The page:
My article on Cricinfo about Simon Jones’s replacement is up:
Replacing the Welsh swinger
The things the modern cricketer has to endure. Twenty years ago, prominent England players would have winced at the thought of sitting in an Oxygen chamber, no doubt scoffing at its supposed benefits. Simon Jones has little choice: after he injured his ankle in the last Test, England have been doing everything they can to patch him up for the final fling. He has been a key, reverse-swinging cog in England’s success this summer, and if he fails a fitness test, his replacement could hold the key to wrestling the urn from Australia’s 18-year-long grasp. Or not…
Who could replace him? His long-term understudy, James Anderson, is finally playing cricket regularly. For Lancashire this season, he has taken 48 wickets but averages over 30: this is not what England, or Anderson, wants. He’d played just three games for Lancashire in 2002, before England called him into the one-day squad against Australia the following winter, and his success was instant. But his confidence was fragile, and attempts by England’s coaches to modify his bowling action sapped it further still. He remains promising and, importantly, is still only 23, but England can’t afford to risk his selection in what is the biggest match of England’s recent history.
Chris Tremlett, 24 tomorrow, has usurped Anderson as the young, English fast-bowling hope but is yet to play a Test. He played three one-day matches earlier in the season, and performed reasonably well, picking up 4 for 32 on debut against Bangladesh, and the useful wicket of Adam Gilchrist in the following match against Australia. Importantly, he has remained in the England “bubble”, Duncan Fletcher’s protective cushion, throughout this series which signifies he is very well regarded. Indeed, his extreme height has excited many observers: he is 6′ 7″ and generates bounce from a natural short-of-a-length, something Michael Vaughan can testify to as Tremlett smashed a ball into his elbow at Edgbaston. For Hampshire this season, he has taken 45 wickets at 26 – a good performance, if not a spectacular one – but he doesn’t move the ball a la Jones. Worryingly, in Hampshire’s latest match against Warwickshire, his two wickets cost 98 runs and included six-no balls.
Paul Collingwood is desperate to play Test cricket again, to add to his two matches played against Sri Lanka in 2003. While he is primarily a batsman, his bowling has improved steadily this season with 19 wickets for Durham. He remains very much a wobbling medium-pacer, though and it is a front-line bowler England needs to win at The Oval. His inclusion would strengthen the home side’s batting considerably, and this could yet win the selectors over. England, after all, only need to draw the fifth Test to regain the Ashes. But the remaining England bowlers’ workloads would be become even heavier. He is in excellent batting form, though, and his catching and fielding abilities are almost without peer. His bowling won’t win England the Test, but his batting and fielding could.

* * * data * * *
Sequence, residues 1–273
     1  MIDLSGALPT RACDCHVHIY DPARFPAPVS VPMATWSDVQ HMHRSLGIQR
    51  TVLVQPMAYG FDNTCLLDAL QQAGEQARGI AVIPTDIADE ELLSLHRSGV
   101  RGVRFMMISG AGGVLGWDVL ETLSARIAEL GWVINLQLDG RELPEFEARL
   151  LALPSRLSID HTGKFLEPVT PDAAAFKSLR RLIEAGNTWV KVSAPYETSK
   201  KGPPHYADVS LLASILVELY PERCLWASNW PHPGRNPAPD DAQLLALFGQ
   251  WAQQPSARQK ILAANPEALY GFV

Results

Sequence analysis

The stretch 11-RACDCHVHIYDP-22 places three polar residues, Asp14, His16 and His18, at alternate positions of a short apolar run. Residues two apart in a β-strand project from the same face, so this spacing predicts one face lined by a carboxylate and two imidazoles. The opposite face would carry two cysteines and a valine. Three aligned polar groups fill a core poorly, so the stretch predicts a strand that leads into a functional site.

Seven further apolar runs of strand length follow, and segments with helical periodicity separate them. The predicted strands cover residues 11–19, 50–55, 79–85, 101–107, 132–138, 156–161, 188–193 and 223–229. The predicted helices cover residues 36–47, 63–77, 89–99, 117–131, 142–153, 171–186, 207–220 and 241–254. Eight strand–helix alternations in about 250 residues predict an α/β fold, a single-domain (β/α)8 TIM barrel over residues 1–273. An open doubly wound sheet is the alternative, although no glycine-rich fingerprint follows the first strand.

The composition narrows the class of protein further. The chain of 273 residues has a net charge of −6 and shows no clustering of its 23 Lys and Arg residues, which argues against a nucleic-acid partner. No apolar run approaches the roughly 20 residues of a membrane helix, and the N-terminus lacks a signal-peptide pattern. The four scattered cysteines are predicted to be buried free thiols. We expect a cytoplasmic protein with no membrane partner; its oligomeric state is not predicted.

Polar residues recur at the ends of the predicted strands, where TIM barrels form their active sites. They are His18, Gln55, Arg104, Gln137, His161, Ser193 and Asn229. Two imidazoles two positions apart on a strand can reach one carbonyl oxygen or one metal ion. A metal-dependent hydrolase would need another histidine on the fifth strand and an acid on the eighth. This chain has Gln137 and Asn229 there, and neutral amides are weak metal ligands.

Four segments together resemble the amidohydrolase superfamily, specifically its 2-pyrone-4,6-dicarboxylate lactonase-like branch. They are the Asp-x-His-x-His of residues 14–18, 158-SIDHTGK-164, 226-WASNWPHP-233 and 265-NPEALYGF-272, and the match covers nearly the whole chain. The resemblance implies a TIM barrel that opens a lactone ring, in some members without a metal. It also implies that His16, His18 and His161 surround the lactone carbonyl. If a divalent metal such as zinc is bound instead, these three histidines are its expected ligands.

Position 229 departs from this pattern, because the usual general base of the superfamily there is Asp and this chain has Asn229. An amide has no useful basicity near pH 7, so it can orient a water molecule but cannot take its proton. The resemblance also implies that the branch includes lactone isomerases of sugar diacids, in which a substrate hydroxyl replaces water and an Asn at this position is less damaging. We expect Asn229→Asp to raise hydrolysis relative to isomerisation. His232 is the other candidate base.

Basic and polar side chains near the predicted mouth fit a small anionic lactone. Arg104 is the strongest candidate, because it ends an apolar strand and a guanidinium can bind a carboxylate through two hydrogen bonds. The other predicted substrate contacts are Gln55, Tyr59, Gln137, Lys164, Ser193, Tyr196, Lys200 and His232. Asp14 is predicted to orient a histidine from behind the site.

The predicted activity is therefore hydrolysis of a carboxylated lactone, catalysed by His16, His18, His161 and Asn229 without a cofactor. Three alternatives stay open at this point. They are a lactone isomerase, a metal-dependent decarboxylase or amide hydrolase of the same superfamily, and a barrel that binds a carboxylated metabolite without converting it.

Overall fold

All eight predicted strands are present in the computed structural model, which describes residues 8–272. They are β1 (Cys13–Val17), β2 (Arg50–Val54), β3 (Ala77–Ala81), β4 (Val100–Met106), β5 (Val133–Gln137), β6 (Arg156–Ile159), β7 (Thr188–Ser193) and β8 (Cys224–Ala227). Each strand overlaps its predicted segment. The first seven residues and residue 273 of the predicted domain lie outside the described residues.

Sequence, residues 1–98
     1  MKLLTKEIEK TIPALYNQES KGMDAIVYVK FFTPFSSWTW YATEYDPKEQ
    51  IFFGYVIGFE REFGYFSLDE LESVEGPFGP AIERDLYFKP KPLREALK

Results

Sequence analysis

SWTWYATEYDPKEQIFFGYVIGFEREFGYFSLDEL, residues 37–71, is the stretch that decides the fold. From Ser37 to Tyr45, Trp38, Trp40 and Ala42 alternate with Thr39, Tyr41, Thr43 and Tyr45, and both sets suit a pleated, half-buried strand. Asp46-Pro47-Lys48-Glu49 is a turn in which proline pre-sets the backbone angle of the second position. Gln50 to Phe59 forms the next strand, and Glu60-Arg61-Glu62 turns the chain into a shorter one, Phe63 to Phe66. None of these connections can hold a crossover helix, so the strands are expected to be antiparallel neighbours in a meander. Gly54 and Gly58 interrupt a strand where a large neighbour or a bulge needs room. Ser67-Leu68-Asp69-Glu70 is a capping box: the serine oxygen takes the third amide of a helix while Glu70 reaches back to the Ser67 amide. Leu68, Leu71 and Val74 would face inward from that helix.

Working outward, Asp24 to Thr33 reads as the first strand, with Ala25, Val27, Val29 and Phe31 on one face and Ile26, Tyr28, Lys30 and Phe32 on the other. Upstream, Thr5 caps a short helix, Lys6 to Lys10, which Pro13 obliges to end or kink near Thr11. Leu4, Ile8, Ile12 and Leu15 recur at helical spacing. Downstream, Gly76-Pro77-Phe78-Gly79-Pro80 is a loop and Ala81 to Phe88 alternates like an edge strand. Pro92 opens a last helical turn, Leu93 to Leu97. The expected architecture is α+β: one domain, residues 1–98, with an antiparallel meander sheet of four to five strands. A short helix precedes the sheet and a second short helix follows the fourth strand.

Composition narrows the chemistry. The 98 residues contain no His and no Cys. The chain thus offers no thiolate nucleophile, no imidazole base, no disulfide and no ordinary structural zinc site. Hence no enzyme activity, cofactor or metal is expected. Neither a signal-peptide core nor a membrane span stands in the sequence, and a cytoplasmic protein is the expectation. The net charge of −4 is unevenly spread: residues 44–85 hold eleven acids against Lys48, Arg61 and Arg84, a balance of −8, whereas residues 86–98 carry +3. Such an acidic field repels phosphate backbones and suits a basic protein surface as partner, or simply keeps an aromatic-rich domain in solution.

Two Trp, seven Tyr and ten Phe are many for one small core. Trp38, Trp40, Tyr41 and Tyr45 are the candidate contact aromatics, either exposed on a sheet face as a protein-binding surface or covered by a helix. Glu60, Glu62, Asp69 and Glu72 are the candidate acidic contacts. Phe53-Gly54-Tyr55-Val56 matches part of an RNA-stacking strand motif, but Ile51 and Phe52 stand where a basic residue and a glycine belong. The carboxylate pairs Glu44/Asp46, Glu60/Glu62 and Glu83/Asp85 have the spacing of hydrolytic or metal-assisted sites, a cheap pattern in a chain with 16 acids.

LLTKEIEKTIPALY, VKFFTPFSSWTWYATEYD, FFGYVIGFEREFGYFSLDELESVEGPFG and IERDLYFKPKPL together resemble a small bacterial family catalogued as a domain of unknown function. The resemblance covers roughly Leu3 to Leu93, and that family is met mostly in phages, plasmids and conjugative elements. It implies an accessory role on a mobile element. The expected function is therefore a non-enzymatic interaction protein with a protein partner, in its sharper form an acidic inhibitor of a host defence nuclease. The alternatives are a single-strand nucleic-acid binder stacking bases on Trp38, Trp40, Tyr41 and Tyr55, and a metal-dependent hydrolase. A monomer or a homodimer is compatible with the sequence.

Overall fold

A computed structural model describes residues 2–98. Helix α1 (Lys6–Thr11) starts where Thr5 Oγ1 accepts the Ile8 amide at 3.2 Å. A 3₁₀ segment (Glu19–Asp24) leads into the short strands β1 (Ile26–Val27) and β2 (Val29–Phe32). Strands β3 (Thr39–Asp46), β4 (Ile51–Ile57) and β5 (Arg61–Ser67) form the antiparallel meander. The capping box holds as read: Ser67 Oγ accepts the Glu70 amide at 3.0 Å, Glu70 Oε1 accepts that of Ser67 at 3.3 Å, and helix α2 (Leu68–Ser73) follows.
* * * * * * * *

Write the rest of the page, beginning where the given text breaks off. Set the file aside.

England’s former pace bowlers Andrew Caddick and Darren Gough are both a year either side of 35, but each would give their eye-teeth to be a part of a successful England side, and especially one which has, at long last, dominated an Ashes series. Caddick, 36, last played for England in Sydney in 2002-03, a Test England won, but injuries have since forced him out of the side. Despite his age, he is still the leading English-qualified wicket-taker this season with 54 at 27.79. Meanwhile it has been rumoured, rather cheekily, that Gough was asked to attend a training session by England. Mind you, Gough is the closest like-for-like replacement for Jones: he was England’s best exponent of reverse-swing throughout the 1990s, but with age comes medium-pace. England’s consistency in selection has arguably been a key factor in their successes spanning two years, and it remains unlikely Gough or Caddick will buck that trend.
Whoever is chosen – and other names in the mix include Kabir Ali and Jon Lewis – it is unlikely they will match the skill Simon Jones has shown this summer. His rare and surprising ability to move the new and the old ball is almost irreplaceable. Britain will be praying the German doctors can work their oxygen-chamber magic on him; and for Jones himself, it would be devastating to miss the finale of a series he has played such an integral part in swinging England’s way.